The Secret History of our Streets: Deptford High Street, shown on Wednesday, has attracted a lot of local attention. It told a compelling story, and an important one both for reminding us of the human cost of such development schemes and for understanding how today's Deptford was shaped. UK viewers can watch it here until 18 July 2012. You can also order a booklet accompanying the series here.
There has been a range of responses expressed on Twitter, on the BBC's website, and in local blogs. Generally, the reaction to the key part of the story - the often-unnecessary demolition of terraced housing and the effect on those whose community was broken up - has been positive. However, various reservations have been expressed by local viewers, particularly about whether ex-councillor Nicholas Taylor was portrayed fairly, and about the way the modern High Street is depicted.
For a thoughtful analysis of the first issue, see this Crosswhatfields? post. The second issue is addressed by The view from Nunhead Station and Brockley Central. (Updated: and by Deptford Dame.) Many of these points resonate with me: some time was given to depicting the area's present in a way which doesn't reflect reality. As well as the pound shops and betting shops (and goodness knows there are too many of the latter), Deptford has thriving grocers' and butchers' shops, Caribbean bakeries, Asian supermarkets, an independent hardware store, restaurants, cafes and pie-and-mash shops, theatre, library, art galleries, the beautiful St Paul's Church, and much more. In painting a simplified picture of an area which went into sudden and irreversible decline, the programme did us all a disservice. In particular, its association of that decline with the arrival of immigrants made me uneasy.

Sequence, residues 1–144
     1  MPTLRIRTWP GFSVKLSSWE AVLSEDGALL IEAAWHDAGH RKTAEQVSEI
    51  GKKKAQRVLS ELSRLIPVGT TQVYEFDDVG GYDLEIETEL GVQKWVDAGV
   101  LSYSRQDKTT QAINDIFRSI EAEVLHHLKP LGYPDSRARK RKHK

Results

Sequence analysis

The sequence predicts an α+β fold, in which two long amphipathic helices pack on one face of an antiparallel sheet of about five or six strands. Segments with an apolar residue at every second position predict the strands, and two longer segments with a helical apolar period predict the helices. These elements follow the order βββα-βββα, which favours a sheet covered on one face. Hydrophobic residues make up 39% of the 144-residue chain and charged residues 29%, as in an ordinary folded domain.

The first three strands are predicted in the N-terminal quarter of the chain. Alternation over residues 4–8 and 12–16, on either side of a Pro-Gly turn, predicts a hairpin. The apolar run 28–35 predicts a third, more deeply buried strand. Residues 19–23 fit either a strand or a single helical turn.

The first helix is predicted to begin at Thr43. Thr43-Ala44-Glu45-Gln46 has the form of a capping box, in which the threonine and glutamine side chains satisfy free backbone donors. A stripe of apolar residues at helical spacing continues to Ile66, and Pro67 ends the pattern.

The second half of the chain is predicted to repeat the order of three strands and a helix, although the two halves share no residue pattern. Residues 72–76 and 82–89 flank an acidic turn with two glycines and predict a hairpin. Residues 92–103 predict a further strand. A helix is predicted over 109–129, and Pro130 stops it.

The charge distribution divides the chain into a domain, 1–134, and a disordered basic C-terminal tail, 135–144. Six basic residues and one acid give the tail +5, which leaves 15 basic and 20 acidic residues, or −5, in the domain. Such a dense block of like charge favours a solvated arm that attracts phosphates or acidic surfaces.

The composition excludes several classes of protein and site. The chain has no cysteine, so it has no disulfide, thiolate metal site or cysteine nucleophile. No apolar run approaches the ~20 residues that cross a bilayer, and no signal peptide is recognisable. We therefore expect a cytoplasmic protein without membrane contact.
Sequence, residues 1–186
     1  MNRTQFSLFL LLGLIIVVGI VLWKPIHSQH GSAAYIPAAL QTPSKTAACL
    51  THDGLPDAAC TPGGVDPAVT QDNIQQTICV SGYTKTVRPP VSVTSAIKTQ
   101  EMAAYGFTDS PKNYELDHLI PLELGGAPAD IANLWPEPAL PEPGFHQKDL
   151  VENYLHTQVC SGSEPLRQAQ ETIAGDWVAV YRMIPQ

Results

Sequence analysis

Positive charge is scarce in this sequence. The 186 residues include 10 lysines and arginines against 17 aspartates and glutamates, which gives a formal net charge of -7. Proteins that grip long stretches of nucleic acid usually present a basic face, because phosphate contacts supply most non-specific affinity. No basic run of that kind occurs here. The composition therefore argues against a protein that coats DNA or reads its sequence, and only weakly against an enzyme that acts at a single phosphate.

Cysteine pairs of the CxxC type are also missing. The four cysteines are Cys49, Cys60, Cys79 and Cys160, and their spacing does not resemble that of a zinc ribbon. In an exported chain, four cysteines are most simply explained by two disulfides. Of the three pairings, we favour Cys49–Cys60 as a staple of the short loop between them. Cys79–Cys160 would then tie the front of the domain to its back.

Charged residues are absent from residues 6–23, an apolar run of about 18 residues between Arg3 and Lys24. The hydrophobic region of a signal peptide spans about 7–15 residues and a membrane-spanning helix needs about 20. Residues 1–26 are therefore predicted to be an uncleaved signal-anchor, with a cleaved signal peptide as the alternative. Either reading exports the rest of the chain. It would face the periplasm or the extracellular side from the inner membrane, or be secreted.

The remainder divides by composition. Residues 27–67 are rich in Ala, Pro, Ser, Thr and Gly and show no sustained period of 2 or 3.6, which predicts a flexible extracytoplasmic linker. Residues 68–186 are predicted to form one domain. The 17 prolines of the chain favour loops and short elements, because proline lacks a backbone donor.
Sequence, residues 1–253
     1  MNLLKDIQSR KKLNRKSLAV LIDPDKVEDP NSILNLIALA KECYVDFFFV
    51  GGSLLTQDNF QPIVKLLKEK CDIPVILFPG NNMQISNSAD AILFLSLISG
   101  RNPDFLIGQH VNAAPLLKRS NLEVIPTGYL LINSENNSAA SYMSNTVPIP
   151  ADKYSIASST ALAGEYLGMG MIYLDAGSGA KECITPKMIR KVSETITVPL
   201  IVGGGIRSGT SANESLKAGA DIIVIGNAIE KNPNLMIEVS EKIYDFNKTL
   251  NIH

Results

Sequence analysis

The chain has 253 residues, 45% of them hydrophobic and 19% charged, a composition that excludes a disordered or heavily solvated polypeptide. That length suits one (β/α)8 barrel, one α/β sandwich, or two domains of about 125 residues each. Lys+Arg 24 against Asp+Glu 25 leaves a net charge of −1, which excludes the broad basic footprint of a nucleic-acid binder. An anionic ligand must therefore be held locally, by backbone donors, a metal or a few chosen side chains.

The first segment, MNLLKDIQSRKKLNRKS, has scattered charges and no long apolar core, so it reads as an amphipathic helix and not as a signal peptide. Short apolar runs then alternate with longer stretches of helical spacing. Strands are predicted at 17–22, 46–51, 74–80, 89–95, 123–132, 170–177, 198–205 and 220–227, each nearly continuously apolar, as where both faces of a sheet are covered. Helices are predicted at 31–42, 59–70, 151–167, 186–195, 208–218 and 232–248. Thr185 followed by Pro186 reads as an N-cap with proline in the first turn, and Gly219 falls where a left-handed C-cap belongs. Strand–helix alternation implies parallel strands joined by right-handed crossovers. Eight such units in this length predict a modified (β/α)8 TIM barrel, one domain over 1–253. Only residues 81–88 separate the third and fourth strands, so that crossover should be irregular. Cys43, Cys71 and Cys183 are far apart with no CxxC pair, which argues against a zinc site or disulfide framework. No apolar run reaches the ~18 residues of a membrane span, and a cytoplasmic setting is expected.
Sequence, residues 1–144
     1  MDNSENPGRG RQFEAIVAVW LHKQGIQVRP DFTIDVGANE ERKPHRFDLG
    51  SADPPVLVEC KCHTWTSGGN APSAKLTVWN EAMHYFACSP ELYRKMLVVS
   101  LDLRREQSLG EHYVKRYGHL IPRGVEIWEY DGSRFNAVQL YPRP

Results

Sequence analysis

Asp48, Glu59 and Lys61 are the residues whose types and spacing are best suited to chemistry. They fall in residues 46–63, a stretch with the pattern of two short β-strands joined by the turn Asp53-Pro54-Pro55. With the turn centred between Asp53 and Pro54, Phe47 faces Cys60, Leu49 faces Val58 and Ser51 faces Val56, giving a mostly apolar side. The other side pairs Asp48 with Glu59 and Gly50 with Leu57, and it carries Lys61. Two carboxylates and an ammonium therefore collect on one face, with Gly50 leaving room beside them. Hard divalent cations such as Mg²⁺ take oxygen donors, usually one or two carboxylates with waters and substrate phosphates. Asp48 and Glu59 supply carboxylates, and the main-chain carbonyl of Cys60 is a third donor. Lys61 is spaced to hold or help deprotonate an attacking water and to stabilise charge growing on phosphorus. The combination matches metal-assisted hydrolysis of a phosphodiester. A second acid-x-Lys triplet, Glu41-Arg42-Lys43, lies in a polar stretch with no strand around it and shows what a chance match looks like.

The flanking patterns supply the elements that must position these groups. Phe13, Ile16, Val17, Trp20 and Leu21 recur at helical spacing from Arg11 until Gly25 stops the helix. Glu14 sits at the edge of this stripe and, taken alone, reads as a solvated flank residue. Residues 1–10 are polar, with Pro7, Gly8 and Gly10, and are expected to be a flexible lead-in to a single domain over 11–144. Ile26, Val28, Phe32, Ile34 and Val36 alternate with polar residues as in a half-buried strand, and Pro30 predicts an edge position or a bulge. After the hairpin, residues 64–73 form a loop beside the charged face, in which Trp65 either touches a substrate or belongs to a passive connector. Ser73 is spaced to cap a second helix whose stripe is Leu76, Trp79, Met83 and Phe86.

It's ironic that having established how town planners falsely painted a negative picture of the area, the programme-makers went on to do the same. As Deptford continues to face challenges from developers and others, we need to counter that by showing there is something worthwhile here which shouldn't be damaged. Viewers of the programme might struggle to believe it.